Located within reach of Lake Nicaragua, Rivas struck me as a large market town. An old Spanish colonial church dominated the town. A large dusty clearing served as the bus station as well as a meeting point of sorts. I don’t quite remember where the makeshift bull ring was in relation to the bus station, but make it there we did. A large crowd had gathered in the stands surrounding the bull ring for the weekly event. Touted as a bull fight, it seem more of a rodeo, than my impressions of bullfights influenced by what I had seen and read of the colourful mainstream version of the land of the Conquistadors. The highlight of the event, was the rodeo like riding of bulls, amidst the loud cheers of the spectators, punctured by the youthful shouts of “Enchiladas” , “Bebidas” and I can’t really remember what else. We stayed until the evening, absorbing the carnival like atmosphere, which seemed so surreal in the midst of the dire situation that the country was in.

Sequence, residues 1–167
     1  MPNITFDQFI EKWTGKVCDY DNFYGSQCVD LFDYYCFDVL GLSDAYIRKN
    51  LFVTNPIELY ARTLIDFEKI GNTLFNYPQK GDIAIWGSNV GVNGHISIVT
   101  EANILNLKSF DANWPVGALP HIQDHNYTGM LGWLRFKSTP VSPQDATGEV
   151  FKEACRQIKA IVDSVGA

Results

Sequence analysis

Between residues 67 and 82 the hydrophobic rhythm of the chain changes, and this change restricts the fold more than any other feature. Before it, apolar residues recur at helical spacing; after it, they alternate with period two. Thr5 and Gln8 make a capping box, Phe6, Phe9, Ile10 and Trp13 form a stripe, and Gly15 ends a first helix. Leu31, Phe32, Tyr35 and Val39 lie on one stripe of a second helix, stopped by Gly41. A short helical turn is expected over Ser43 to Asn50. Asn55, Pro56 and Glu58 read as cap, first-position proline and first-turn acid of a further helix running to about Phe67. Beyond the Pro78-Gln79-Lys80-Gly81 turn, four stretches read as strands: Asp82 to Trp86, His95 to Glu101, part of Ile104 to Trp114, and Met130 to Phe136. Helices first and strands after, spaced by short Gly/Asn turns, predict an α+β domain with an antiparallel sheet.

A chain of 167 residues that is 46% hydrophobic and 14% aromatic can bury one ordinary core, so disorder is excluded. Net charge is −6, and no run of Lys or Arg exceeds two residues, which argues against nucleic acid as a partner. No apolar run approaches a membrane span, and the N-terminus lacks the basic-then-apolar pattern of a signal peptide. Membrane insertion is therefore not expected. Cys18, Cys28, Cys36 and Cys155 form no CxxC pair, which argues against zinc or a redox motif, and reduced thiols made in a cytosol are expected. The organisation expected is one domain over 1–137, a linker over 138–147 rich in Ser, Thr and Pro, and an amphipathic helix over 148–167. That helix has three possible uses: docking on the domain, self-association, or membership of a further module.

The Clearing that served as the Bus Station, Rivas, 23 Dec 1984.

The Clearing that served as the Bus Station, Rivas, 23 Dec 1984.

Iglesia Parroquial de Rivas.

Iglesia Parroquial de Rivas.





San Juan del Sur

9 05 2009

There is an idyllic bay in some far flung corner of the world I spent some three weeks at, which had some of the most beautiful sunsets I have ever seen. Clear blue waters and a wide sandy beach lined with wooden beach side cafes, San Juan del Sur in Nicaragua seemed like paradise, particularly with the exchange rate on got on the black market for the US Dollar which was controlled by a leftist leaning government that came to power on the back of a bloody revolution fueled by a intense resentment excesses of the US supported dictatorship of Anastasio Somoza (Jr). As a result, the locally brewed Cerveza Victoria cost something like 10 cents a bottle, a bottle of the local rum went for something that translated to maybe $2, and a plate of Langostino grilled to perfection and served with a generous serving of plantain prepared as we would french fries, and fresh salad, cost maybe $1.50.